But what you may not be fully aware of is this: Now, for the first time in many years, the money-printing central banks around the world are running smack into the natural — and totally unsurprising — consequence of their actions:
The Looming Specter of Surging Inflation
Just last week, the UN's Food and Agriculture Organization (FAO) announced that global food prices rose in March for a third successive month, putting food inflation firmly back on the economic agenda.
And never forget: About one year ago, it was surging food prices that gave rise to the wave of civil unrest now known as the Arab Spring. It was also surging prices that helped fan the fires of the protest movements that swept through Europe at around the same time. And the U.S. was not immune, as similar protests erupted here.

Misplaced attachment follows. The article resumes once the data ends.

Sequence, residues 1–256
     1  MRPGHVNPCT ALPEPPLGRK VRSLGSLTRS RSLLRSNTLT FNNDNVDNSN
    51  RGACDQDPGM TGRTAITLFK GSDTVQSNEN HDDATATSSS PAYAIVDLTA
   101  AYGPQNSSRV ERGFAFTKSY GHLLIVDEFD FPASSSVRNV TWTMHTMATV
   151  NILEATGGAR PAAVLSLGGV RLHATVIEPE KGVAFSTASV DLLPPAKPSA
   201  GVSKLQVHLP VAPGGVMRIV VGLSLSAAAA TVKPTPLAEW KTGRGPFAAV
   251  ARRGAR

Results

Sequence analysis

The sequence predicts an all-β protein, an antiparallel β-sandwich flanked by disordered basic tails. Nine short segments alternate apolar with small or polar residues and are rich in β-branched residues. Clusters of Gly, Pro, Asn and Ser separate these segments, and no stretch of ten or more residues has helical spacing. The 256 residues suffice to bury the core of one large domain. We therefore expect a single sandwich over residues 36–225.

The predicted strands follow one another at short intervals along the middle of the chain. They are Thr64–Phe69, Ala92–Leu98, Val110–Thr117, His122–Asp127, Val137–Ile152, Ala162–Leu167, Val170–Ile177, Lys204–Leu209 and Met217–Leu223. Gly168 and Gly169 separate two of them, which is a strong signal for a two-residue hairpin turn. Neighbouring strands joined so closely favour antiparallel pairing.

But it's not just food. Overall consumer price inflation is rising steadily in Europe, the U.S. and in most emerging markets.
And what's most remarkable is that it's rising DESPITE faltering recoveries and even outright recessions!
Sure, for those of us who vividly remember the double-digit inflation of the 1970s, today's inflation rates in the neighborhood of 3% or even 4% may not sound like much.
But just remember this critical fact: Back in those days, the global economy was booming. Today, it's doing precisely the opposite!
And this is not just a debate for ivory tower theorists; it's a hard-nosed double-whammy for billions of people around the world:
- No improvement in wages due to the weak global economy, and at the same time …
- Surging costs for essentials like corn, soybeans, gasoline and heating oil.